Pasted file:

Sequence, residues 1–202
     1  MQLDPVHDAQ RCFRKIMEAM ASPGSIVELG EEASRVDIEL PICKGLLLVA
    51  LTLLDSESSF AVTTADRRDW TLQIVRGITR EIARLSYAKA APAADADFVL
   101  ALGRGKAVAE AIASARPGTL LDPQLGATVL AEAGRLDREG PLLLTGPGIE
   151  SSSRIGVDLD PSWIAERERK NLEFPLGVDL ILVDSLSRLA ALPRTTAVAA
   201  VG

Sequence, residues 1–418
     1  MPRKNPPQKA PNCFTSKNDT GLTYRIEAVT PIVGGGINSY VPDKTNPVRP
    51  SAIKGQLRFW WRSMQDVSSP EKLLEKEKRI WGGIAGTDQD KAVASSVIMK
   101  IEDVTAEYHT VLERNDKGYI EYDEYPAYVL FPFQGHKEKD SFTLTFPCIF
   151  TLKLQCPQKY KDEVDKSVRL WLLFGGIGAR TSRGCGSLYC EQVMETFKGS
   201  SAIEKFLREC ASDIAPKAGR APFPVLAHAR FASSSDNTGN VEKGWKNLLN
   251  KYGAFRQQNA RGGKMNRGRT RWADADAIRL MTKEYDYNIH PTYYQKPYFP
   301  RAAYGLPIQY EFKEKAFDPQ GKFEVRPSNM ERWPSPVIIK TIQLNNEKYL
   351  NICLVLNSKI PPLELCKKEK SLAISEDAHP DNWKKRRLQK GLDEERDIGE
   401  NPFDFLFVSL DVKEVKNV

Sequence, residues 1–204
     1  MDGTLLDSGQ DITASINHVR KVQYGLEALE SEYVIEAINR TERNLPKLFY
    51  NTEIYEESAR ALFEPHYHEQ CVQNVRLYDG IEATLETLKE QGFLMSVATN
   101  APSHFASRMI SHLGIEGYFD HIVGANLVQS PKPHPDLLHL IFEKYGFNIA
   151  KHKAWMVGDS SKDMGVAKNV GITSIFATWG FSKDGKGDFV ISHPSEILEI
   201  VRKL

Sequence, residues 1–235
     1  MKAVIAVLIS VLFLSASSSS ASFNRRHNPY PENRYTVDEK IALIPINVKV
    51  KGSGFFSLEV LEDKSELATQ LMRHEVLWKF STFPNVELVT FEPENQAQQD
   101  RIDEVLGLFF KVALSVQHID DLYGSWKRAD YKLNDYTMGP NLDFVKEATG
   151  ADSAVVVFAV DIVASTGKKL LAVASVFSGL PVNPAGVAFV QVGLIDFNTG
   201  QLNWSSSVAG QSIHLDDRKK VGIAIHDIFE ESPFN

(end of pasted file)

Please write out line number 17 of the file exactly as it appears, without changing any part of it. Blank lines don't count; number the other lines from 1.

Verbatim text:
Sequence, residues 1–204